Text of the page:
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Tuesday, September 28, 2010

The Retail Gold Rush

Gold bullion is at record highs, and is set to rocket still higher. At least, this is the official sentiment of The London Bullion Market Association. But with prices already at record highs, is this the time to buy gold or the time to sell it?

There are two reasons commonly given to buy gold now. The first is that gold is a store of value. That is, although inflation eats away at the value of currencies, gold has a value that cannot be taken away. The second reason is that uncertainty drives gold prices higher, and today’s markets are certainly uncertain.

Gold is indeed a store of value, a currency, a component of jewelry and electronics, and more. The problem is that gold – like other commodities - usually keeps up with inflation and the business cycle but does not exceed it. In the past 3 years, however, gold has exceeded inflation greatly. Fear and speculation are the drivers of gold prices now.

Earlier this year, we saw the advent of gold-to-go machines. These vending machines hold a quote for 10 minutes, then scan the market and recalculate so the customer is always getting an up to date (but marked up) price. In Europe, these machines can be found in airports, hotels, and even supermarkets. For me, the gold-to-go machine marked the entry of retail “stupid money” into the market - money that arrives too late and stays too long.

If gold vending machines weren’t enough, consider the rise of solid or yellow gold miniatures. A few years ago, gold miniatures were an exclusive novelty. These days, the windows of high-end Chinese jewelry stores are loaded with solid gold rabbits, dragons, boars, oxen, and popular cartoon characters. The miniatures are popular with Chinese, since they offer a way to store wealth for posterity while simultaneously flaunting it.

The final sign of the gold peak is the de-hedging process of the gold producers themselves. In order to reduce income fluctuations caused by changing gold prices, most gold producers partially hedge their gold using futures or options. For example, companies buy futures that go up in value when gold goes down, and that go down in value when gold goes up. By hedging with futures, companies will not benefit as much from rising prices, but they will also not get stung by falling prices (arguably more important for profitable companies).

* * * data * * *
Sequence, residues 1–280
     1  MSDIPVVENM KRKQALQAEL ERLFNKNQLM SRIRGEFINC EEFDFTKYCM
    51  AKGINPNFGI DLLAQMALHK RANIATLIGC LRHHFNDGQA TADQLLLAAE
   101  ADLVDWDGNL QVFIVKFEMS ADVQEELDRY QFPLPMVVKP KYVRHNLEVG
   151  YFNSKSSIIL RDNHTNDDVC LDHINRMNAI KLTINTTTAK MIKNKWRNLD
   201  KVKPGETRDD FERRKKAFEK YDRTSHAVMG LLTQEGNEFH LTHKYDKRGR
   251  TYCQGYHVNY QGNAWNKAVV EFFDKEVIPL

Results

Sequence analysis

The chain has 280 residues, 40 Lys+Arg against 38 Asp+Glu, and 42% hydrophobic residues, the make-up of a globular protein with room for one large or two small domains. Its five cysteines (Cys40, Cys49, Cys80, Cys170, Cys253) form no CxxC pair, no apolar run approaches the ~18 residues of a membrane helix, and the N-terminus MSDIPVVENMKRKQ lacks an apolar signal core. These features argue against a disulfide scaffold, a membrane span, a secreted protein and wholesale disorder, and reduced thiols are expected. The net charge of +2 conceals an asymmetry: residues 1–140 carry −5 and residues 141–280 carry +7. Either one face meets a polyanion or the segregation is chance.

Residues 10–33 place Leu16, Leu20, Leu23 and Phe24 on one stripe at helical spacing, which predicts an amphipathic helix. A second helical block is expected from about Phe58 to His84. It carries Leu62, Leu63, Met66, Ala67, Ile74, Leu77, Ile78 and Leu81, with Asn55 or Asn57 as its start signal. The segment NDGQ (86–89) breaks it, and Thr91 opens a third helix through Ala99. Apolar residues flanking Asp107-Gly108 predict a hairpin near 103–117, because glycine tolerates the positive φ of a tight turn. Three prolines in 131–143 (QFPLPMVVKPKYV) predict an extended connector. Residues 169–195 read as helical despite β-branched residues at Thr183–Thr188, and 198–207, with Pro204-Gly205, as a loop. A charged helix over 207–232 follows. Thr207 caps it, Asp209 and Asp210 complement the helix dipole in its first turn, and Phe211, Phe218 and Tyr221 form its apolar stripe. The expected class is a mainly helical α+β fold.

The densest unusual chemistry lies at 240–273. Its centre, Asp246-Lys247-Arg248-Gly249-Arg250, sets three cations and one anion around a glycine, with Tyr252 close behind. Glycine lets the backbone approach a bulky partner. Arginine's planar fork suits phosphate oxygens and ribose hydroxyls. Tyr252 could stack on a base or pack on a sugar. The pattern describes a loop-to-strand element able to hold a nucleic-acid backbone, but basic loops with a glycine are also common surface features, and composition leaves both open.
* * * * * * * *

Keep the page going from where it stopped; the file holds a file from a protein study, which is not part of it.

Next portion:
This year, many major gold producers have greatly reduced or even stopped hedging in the expectation of forever-rising prices. Barrick Gold, AngloGold Ashanti, Gold Fields and other companies have reduced their gold hedging by millions of ounces.

So, is gold going to drop? Should you short it?

At this point, there is still widespread fear all over the world, and this is partially justified by a worldwide housing bubble and precarious economies. Shorting gold at this point is probably not justified. However, neither is jumping on the bandwagon.

Gold prices are high – really high. Both as an investment and as a novelty, gold is more popular now than it has been in a very long time. I would refrain from buying. If you already own gold, consider selling some.

If you believe the world's currencies are being debased and you need to protect yourself, buy producers of commodities that have uses beyond merely a store of value - such as oil, uranium, lithium, and copper.

Buying something at the peak of its popularity is not always a stupid financial move, but statistics are against you.


"My dear girl, there are some things that just aren't done, such as drinking Dom Perignon '53 above the temperature of 38 degrees Fahrenheit."

Sean Connery as James Bond, GoldFinger, 1964